Fortunately, a little secular duet which Schütz wrote for the same series of celebrations does survive. [listen]
In 1628 and 1629 Schütz undertook a second visit to Italy. He noted in his letters that much had changed in the 15 years of so since his last visit, and on this trip he spent time in Florence and Mantua as well as Venice. Keen on absorbing the latest developments, Schütz made the acquaintance on this trip of Monteverdi, who seems to have been of invaluable assistance. This fresh encounter with Italy led to the publication of Schütz’ next major collection of sacred music in Venice in 1629, the first volume of the Symphoniae sacrae. These “sacred symphonies” for voices and instruments again set Latin texts and show how completely Schütz had absorbed the Italian style. [listen]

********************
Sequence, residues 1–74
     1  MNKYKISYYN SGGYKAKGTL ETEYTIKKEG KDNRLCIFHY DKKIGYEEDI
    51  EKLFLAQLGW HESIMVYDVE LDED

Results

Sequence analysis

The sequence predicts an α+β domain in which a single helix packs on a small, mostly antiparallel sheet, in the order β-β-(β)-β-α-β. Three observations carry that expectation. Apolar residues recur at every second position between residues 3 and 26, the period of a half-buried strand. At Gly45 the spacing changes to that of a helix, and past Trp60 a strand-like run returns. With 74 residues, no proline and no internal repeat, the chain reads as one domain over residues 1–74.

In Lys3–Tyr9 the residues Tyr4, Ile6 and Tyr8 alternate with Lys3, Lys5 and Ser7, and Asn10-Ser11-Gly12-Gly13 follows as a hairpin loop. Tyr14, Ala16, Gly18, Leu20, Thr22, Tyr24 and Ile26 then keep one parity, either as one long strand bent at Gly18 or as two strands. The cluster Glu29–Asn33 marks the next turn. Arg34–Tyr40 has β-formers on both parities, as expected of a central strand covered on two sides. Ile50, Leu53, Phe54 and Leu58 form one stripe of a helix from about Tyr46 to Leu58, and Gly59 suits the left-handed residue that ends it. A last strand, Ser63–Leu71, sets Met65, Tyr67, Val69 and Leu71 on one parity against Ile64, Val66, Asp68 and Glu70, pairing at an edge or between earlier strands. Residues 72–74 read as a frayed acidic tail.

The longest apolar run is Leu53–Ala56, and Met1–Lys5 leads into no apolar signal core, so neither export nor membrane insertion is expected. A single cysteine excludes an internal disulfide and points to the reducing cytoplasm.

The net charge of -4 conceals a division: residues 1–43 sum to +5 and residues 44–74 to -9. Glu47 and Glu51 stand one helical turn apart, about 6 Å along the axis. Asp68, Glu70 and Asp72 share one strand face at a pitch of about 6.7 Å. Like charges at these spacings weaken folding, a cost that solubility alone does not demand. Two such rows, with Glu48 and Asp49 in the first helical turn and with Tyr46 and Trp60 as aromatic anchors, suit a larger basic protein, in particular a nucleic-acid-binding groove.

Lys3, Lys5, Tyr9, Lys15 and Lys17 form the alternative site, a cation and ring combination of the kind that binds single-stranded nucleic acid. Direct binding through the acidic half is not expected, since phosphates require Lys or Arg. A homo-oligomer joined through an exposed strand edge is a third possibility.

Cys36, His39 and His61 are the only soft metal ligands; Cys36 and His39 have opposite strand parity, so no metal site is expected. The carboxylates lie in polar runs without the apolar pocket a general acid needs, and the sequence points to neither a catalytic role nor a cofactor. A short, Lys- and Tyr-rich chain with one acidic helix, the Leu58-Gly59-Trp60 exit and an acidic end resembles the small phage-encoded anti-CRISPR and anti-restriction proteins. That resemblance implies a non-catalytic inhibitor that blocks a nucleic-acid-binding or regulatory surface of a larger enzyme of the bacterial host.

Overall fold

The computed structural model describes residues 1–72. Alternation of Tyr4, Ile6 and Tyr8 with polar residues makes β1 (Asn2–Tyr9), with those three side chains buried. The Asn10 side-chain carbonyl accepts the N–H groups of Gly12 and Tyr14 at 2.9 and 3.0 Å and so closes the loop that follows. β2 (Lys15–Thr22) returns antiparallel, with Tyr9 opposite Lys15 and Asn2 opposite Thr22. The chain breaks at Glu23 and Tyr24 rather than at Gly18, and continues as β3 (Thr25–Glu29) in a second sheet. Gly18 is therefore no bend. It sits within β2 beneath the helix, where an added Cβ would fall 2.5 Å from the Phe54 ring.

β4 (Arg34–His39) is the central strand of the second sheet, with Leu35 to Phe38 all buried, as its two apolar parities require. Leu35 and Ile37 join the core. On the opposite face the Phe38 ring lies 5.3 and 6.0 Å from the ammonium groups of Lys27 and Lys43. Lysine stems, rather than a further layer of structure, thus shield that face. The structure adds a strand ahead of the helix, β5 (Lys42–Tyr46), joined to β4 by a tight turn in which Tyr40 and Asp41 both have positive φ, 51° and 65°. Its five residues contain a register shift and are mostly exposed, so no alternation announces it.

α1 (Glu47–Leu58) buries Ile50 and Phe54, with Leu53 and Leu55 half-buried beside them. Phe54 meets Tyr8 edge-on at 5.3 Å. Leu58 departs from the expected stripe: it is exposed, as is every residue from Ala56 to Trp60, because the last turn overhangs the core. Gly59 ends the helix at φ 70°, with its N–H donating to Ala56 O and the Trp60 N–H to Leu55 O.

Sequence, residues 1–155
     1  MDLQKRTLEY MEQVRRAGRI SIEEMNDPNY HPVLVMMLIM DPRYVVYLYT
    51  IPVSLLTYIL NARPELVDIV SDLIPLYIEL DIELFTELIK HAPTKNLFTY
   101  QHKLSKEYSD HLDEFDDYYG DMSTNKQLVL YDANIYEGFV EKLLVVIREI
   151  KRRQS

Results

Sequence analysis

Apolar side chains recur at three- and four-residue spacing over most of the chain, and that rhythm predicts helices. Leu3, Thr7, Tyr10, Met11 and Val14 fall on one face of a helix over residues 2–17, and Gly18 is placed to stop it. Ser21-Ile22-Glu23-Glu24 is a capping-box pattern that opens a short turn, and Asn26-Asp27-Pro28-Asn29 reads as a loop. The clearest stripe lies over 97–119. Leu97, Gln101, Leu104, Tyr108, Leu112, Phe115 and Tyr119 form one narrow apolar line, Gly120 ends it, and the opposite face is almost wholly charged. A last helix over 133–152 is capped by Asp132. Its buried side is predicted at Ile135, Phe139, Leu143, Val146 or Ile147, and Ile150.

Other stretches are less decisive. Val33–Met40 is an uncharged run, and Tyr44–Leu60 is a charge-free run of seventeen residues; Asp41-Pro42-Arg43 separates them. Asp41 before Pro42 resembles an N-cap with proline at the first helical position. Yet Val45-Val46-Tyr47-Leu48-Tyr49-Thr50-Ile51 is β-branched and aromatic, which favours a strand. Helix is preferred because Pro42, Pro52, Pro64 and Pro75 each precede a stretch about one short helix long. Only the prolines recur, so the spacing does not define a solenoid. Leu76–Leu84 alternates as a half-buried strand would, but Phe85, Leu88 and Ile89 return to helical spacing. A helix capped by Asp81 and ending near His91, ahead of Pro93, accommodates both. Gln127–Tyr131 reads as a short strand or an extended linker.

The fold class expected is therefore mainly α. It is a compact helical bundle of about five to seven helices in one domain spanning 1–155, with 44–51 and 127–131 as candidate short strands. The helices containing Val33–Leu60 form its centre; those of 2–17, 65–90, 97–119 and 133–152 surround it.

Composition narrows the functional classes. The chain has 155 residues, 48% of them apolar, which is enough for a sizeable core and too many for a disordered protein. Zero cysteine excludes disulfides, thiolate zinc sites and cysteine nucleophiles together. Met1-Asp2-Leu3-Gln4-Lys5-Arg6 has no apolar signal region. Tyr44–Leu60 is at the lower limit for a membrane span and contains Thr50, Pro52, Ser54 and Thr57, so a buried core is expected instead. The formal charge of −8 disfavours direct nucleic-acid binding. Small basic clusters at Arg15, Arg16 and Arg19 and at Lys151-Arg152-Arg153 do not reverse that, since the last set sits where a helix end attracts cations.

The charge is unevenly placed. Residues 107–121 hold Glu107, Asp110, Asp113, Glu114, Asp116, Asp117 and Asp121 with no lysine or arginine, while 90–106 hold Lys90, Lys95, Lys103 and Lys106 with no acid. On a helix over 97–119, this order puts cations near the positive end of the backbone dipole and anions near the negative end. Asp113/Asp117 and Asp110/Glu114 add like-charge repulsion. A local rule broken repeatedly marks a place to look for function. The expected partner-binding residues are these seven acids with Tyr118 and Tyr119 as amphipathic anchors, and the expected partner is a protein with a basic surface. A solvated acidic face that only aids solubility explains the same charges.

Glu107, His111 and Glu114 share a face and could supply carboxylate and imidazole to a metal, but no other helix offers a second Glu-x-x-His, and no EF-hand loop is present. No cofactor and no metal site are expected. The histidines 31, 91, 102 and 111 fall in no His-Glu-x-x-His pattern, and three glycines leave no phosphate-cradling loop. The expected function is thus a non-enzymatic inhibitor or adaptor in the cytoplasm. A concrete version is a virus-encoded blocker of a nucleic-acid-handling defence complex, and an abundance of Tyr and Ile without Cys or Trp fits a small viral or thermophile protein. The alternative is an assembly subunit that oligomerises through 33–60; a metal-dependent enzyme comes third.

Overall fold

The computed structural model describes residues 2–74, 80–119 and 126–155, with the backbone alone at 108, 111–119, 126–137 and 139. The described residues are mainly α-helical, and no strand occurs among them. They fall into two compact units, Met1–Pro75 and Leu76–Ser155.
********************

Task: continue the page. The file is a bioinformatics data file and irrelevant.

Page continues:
Back in northern Europe, the Thirty Years War had started in 1618, but Saxony (at whose capital, Dresden, Schütz had been based) had managed to remain out of the hostilities, for some time at least. This hadn’t prevented the financial situation in Saxony worsening considerably and the court music establishment was in a parlous state; some musicians were not paid for years. Schütz returned to Dresden in November 1629, but in autumn of 1631 Saxony became embroiled in the War. This only made Schütz’ efforts to improve the situation at court for his musicians and himself completely ineffective. Numbers among the singers and instrumentalists fell and in the early 1630s things almost ground to a halt in Dresden as far as church music was concerned.